have less than two alcohol-free days per week.
This is the equivalent of one middy of full strength beer,
one standard glass of wine or one nip of spirits. For further
information, see the Commonwealth Department of Health and
Some prescribed and over-the-counter medications can be harmful
to the liver if taken in high doses or for too long. It is
therefore important for people to consult a GP or pharmacist
about their current or any proposed medications, and follow
the directions. People with serious liver disease (ie. cirrhosis)
should consult a specialist about all medications.
C and diet
It is common for
people with hepatitis C to worry about what they eat and whether
their diet affects their liver. Generally speaking, there
are no particular foods that people need to avoid or seek
out, aside from avoiding certain herbs and plants that can
cause liver damage.
This pamphlet provides a brief introduction to healthy eating
for people with hepatitis C who do not have serious liver
damage. It is meant to complement more detailed information
resources which are listed in “ Further nutritional information.
” If you are unsure about whether you need specialised dietary
advice, please speak to your doctor.
The role of the liver
The liver is one of the most important organs of your body.
It is the factory that converts raw materials from your digestive
system into substances that your body needs. It detoxifies
harmful substances such as alcohol and helps remove waste
products. The liver also makes bile which helps in the digestion
and absorption of fats.
What HCV does to your liver
The hepatitis C virus (HCV) often causes damage to people's
livers, although many with hepatitis C remain quite well.
Even if someone's liver is not significantly damaged they
may still feel tired or ill. This may be due to the way the
human body fights HCV.
Healthy eating & lifestyle
Healthy eating is important as you generally feel better when
you eat well. Healthy eating involves choosing a variety of
foods. In the right balance, these foods will meet your body's
need for energy, growth and repair. To get a good daily intake
of vitamins and minerals you need to eat some food from all
the food groups every day, varying your choices from day to
Exercise may also make you feel better and improve your appetite.
You don't have to take it seriously, only regularly. Over
consuming alcohol or other drugs can disrupt your day-to-day
eating patterns and this may have a negative impact on your
Hepatitis C and body weight
Evidence is mounting that excess body fat contributes to liver
disease (as well as cardiovascular disease). People with HCV
are advised to avoid becoming overweight.
The best way to manage your weight is a long term approach
of increasing the exercise you do along with maintaining a
lower-fat high-fibre diet. Avoid rapid weight loss as this
can be damaging to the liver. Contact a dietitian to discuss
the best strategy for you.
Alcohol & HCV
The risk of developing cirrhosis is higher for people with
HCV if they also are heavy drinkers (for more information,
contact the NSW Hep C Helpline or speak to your doctor). A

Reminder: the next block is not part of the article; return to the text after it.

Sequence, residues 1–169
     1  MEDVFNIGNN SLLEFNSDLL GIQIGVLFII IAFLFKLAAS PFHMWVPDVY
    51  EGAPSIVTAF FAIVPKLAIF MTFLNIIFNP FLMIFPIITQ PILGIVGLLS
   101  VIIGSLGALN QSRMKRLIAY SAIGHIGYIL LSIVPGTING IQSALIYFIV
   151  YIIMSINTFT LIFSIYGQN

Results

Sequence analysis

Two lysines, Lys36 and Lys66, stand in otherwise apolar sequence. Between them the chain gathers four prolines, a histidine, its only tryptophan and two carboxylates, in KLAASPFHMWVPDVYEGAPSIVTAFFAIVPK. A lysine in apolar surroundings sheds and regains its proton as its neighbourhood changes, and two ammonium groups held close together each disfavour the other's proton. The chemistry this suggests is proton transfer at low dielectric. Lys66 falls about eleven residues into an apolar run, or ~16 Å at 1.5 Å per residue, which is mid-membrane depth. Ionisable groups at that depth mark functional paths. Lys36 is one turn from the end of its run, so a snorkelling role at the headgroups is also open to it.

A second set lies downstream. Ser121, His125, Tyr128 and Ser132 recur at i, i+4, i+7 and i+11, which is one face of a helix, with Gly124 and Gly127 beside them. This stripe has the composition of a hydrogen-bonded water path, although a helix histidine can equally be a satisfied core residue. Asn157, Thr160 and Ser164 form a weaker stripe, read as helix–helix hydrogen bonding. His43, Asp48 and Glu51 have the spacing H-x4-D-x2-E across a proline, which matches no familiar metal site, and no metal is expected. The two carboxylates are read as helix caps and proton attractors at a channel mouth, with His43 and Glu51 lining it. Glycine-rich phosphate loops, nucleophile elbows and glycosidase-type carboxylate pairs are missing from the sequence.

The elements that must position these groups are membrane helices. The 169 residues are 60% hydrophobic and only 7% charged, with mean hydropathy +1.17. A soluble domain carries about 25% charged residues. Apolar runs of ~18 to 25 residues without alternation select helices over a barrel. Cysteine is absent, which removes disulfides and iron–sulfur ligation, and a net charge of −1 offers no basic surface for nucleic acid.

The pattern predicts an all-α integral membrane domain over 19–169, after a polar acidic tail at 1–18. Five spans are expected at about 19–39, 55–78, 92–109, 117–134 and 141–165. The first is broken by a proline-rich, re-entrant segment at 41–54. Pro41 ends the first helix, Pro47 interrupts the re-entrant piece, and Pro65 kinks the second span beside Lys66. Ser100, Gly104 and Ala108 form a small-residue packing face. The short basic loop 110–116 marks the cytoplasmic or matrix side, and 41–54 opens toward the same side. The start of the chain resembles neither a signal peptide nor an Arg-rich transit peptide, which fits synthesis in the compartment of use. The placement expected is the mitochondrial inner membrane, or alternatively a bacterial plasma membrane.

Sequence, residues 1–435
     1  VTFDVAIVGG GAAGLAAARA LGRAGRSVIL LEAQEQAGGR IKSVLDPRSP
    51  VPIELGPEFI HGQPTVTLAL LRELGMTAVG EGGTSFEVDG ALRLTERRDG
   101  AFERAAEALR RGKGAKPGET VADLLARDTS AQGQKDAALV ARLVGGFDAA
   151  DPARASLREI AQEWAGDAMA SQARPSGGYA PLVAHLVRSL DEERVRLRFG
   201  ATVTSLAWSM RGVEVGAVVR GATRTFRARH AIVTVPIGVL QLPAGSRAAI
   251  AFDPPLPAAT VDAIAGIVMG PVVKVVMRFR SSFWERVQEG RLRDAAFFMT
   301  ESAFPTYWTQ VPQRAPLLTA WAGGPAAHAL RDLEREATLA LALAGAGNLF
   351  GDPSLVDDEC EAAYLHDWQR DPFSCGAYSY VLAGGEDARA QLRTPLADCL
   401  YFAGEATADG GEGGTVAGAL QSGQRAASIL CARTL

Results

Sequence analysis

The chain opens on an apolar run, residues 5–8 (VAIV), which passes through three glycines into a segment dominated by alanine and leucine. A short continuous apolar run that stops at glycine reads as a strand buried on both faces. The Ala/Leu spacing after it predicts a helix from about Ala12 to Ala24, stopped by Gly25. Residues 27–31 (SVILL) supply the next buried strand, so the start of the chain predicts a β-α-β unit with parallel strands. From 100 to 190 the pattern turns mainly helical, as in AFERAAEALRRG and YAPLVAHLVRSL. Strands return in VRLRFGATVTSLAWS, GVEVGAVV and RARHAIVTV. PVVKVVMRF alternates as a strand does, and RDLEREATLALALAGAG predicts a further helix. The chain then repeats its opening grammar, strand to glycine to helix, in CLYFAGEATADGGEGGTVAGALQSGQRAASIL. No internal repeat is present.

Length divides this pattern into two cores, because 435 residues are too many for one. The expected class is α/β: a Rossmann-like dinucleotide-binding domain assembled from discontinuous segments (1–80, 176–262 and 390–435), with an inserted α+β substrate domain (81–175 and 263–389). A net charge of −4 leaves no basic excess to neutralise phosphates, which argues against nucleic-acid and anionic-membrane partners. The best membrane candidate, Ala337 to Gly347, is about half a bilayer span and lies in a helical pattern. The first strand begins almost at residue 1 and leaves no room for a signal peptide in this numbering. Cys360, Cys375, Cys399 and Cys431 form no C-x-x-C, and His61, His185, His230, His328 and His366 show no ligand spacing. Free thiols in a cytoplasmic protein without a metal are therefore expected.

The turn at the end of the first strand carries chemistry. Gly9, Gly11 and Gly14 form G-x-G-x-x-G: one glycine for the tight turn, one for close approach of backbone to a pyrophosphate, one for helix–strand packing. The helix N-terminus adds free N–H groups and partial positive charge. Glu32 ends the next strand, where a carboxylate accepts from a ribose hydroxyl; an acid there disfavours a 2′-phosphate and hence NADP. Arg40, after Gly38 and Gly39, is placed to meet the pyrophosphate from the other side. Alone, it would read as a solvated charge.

reduction in alcohol intake should be the first step in any
attempt to reduce the possible risk of serious liver damage.
Fats & HCV
You don't need to cut out all fats and oils just because you
have hepatitis C - everybody needs some fats to make hormones
and for body cells to function properly. But many people in
Australia eat too much fat which is a risk factor for heart
disease, diabetes and becoming overweight. People are generally
advised to eat less fat.
If you feel sick or nauseous (ie. feel like vomiting) and
find that fatty food doesn't agree with you, try avoiding
such foods while you feel nauseous. Reintroduce individual
foods gradually to see which ones cause the problem.
Dairy foods are an excellent source of essential nutrients.
It is hard to get enough calcium if you exclude milk products
from your diet. Some dairy foods contain high levels of fat
and if you want to reduce your fat intake, choose reduced-fat
dairy products or calcium-enriched soy milk products.
Lean red meat is a valuable source of iron, protein and B
group vitamins. There is no published scientific evidence
to suggest that people with hepatitis C are adversely affected
by eating red meat.
We are born with a strong liking for sweet tasting foods.
Although sugar is a source of energy (calories, kilojoules),
it is better to obtain your energy from nutrient rich foods
such as wholegrain breads and cereals, meats, fruits, nuts,
fish, tofu or vegetables.
Sugar enhances the flavour of many foods and it is often found
as an additive. Such foods consumed in moderation should not
pose a health problem. There is no published scientific evidence
to suggest that people with hepatitis C have particular problems
metabolising (processing) sugar.
Tea and coffee
Tea and coffee have been enjoyed in many cultures for thousands
of years. The active ingredient, caffeine, produces effects
on the body (such as increased alertness) but these are usually
temporary. There is no published scientific evidence suggesting
that tea, coffee or caffeine-containing drinks, consumed in
moderation, cause particular problems for people with HCV.
All people in Australia are advised to eat less salt whether
they have hepatitis C or not. You can do this by using less
salt in cooking and reducing salt use at the table. Many manufactured
or processed foods such as canned vegetables or sauces are
high in salt. Try using low-salt or salt-reduced varieties
of these foods.
Food colours and preservatives
There is no published scientific evidence to suggest that
people with hepatitis C have particular problems metabolising